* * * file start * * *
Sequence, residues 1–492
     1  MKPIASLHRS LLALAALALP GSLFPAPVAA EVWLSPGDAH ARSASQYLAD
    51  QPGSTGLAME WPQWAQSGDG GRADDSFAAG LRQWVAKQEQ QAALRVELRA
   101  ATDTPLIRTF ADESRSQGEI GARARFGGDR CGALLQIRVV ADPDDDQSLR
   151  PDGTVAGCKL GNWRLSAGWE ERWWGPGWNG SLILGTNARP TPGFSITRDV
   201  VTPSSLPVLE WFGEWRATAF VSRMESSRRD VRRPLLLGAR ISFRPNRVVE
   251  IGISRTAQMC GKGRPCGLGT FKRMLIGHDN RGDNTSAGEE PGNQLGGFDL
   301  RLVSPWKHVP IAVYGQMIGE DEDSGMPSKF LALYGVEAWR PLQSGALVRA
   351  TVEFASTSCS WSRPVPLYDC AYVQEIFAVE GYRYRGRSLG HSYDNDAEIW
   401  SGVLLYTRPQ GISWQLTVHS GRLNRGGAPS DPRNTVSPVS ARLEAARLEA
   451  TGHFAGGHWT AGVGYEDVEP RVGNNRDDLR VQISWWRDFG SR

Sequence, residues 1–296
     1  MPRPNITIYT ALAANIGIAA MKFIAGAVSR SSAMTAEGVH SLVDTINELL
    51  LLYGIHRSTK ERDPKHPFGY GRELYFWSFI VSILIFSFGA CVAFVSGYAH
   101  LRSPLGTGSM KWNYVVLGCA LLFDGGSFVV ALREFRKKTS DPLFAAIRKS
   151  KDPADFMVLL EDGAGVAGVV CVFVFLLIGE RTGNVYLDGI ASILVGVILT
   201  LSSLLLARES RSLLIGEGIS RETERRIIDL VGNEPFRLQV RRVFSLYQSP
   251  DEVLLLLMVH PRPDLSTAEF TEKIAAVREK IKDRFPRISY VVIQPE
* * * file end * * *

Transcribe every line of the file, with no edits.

Sequence, residues 1–492
     1  MKPIASLHRS LLALAALALP GSLFPAPVAA EVWLSPGDAH ARSASQYLAD
    51  QPGSTGLAME WPQWAQSGDG GRADDSFAAG LRQWVAKQEQ QAALRVELRA
   101  ATDTPLIRTF ADESRSQGEI GARARFGGDR CGALLQIRVV ADPDDDQSLR
   151  PDGTVAGCKL GNWRLSAGWE ERWWGPGWNG SLILGTNARP TPGFSITRDV
   201  VTPSSLPVLE WFGEWRATAF VSRMESSRRD VRRPLLLGAR ISFRPNRVVE
   251  IGISRTAQMC GKGRPCGLGT FKRMLIGHDN RGDNTSAGEE PGNQLGGFDL
   301  RLVSPWKHVP IAVYGQMIGE DEDSGMPSKF LALYGVEAWR PLQSGALVRA
   351  TVEFASTSCS WSRPVPLYDC AYVQEIFAVE GYRYRGRSLG HSYDNDAEIW
   401  SGVLLYTRPQ GISWQLTVHS GRLNRGGAPS DPRNTVSPVS ARLEAARLEA
   451  TGHFAGGHWT AGVGYEDVEP RVGNNRDDLR VQISWWRDFG SR

Sequence, residues 1–296
     1  MPRPNITIYT ALAANIGIAA MKFIAGAVSR SSAMTAEGVH SLVDTINELL
    51  LLYGIHRSTK ERDPKHPFGY GRELYFWSFI VSILIFSFGA CVAFVSGYAH
   101  LRSPLGTGSM KWNYVVLGCA LLFDGGSFVV ALREFRKKTS DPLFAAIRKS
   151  KDPADFMVLL EDGAGVAGVV CVFVFLLIGE RTGNVYLDGI ASILVGVILT
   201  LSSLLLARES RSLLIGEGIS RETERRIIDL VGNEPFRLQV RRVFSLYQSP
   251  DEVLLLLMVH PRPDLSTAEF TEKIAAVREK IKDRFPRISY VVIQPE